Researchers at Kings College London have used Planer freezers for many years. Now Doctors Sharon Lehec and Ragai Mitry are among the authors of a new paper aiming to develop an optimised protocol for cryopreservation of hepatocyte microbeads for clinical transplantation using modified freezing solutions in their Kryo 10.
Transplantation of hepatocyte microbeads is an attractive option for the management of acute liver failure. Encapsulation of these hepatocytes in alginate microbeads supports their function and prevents immune attack of the cells. So the establishment of banks for such cryopreserved microbeads would be an important step in emergency use. The aim of the study was to develop an optimised protocol for this cryopreservation for clinical transplantation using modified freezing solutions. Four freezing solutions with potential for clinical application were investigated using human and rat hepatocytes. Cryopreservation was performed using a standard King’s College Hospital freezing protocol in a Planer controlled-rate freezer, the Kryo10.
The two freezing solutions which gave better results were studied with human and rat hepatocyte microbeads. Similar effects on cryopreserved microbeads morphology, viability and hepatocyte-functions post thawing were observed over seven days in culture. UW/DMSO/glucose, as a basal freezing medium, was used to investigate the additional effects of cytoprotectants: a pancaspase inhibitor benzyloxycarbonyl-Val-Ala-DL-Asp-fluoromethylketone; ZVAD), an antioxidant (desferoxamine; DFO), and buffering and mechanical protection (human serum albumin; HSA) on RMBs. ZVAD (60µM) had beneficial effect on cell viability, greater than with DFO (1mM), HSA (2%) and basal freezing medium alone. Improvements in the ultrastructure of encapsulated hepatocytes, and a lower degree of cell apoptosis were observed with all three cytoprotectants, ZVAD tending to provide the greatest effect.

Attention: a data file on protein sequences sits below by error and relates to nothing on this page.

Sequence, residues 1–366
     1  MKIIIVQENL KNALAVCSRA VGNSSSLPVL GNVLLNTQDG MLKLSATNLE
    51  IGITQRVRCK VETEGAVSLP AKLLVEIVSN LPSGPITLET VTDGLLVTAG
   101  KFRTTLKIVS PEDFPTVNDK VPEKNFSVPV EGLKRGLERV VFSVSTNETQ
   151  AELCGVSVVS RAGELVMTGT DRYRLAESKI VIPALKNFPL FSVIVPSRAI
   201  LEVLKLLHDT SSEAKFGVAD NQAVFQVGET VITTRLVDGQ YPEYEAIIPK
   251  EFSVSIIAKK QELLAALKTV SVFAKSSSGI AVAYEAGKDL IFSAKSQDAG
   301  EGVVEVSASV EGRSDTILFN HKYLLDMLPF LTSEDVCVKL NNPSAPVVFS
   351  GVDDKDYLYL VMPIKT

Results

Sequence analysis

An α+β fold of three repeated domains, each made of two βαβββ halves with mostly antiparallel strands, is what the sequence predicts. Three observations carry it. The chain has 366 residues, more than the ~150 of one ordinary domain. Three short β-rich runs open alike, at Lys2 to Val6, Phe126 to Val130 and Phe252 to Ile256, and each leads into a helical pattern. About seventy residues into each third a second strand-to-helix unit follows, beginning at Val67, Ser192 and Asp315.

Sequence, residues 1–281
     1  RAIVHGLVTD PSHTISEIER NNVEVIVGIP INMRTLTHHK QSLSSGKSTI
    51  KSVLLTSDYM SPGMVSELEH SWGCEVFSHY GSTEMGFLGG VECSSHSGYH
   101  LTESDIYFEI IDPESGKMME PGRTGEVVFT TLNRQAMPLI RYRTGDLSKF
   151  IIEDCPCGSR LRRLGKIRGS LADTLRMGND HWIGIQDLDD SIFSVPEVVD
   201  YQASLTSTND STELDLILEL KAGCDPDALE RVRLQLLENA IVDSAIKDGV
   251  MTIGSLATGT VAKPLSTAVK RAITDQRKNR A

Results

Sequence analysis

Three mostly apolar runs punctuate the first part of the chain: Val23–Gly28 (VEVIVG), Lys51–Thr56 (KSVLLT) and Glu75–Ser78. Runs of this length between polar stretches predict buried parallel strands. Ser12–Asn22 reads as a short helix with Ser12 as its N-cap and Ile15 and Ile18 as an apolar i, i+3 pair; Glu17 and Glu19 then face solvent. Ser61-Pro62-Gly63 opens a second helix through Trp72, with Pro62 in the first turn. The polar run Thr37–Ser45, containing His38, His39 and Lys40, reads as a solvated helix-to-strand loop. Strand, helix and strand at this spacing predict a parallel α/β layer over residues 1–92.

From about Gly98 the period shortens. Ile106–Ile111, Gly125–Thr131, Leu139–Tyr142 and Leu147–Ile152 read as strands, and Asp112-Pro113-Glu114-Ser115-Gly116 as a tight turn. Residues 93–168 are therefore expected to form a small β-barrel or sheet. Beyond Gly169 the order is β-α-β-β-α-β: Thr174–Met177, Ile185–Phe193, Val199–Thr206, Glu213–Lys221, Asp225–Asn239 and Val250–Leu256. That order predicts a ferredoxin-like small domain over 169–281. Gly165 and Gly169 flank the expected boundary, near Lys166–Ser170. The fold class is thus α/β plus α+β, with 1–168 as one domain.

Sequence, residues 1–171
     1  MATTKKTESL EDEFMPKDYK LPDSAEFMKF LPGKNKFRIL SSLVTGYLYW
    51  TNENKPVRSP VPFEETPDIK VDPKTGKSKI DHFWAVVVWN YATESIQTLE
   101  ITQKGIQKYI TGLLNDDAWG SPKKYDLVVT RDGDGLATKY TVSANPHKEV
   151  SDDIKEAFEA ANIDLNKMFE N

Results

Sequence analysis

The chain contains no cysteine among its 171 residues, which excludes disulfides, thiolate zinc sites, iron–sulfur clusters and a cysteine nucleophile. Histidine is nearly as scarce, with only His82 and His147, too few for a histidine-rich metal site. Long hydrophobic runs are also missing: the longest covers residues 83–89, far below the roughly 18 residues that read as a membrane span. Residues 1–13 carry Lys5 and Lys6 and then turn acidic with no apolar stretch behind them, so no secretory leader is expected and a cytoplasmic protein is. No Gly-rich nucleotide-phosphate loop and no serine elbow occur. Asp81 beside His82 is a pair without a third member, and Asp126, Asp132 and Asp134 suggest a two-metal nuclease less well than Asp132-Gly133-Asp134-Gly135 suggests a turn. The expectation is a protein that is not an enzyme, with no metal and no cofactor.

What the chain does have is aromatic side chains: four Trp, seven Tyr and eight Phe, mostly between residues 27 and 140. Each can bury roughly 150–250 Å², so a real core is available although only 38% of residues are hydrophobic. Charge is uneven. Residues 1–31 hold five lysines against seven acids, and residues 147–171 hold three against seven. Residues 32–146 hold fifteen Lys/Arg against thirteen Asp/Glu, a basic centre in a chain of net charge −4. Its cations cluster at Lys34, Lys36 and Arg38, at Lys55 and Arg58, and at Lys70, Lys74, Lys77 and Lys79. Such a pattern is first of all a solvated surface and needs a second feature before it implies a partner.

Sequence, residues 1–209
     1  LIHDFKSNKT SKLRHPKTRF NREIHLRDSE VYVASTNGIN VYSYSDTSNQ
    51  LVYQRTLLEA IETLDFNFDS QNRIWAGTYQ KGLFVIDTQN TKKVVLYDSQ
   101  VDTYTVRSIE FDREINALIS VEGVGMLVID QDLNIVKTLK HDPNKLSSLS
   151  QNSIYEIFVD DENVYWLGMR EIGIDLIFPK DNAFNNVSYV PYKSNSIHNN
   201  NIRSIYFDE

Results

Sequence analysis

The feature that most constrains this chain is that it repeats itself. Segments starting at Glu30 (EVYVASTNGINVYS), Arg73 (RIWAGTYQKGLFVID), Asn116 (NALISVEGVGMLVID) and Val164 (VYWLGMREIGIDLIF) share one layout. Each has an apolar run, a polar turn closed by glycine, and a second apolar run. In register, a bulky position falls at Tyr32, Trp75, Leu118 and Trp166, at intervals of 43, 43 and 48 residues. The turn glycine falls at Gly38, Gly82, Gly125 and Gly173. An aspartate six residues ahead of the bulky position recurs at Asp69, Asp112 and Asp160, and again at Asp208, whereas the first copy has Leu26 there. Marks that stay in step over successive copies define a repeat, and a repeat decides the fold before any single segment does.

They concluded that cryopreservation of hepatocyte microbeads using UW solution containing 10% DMSO, 5% glucose and a cytoprotectant such as ZVAD had beneficial effects regarding cellular and physical damage leading to maintenance of cell viability and function post thawing. This initial optimised protocol for cryopreservation of hepatocyte microbeads supports the hypothesis that the development of freezing solutions containing cryoprotective agents and compounds targeting apoptosis during the cryopreservation process could improve the outcome of cryopreservation.
The hope is that, eventually, large amounts of hepatocyte microbeads may be cryopreserved and banked for immediate emergency clinical treatment in conditions such as acute liver failure. The work in the Dhawan lab at Kings College continues and a new PhD starts in April using clinical/GMP grade materials for future banking of these cryopreserved microbeads.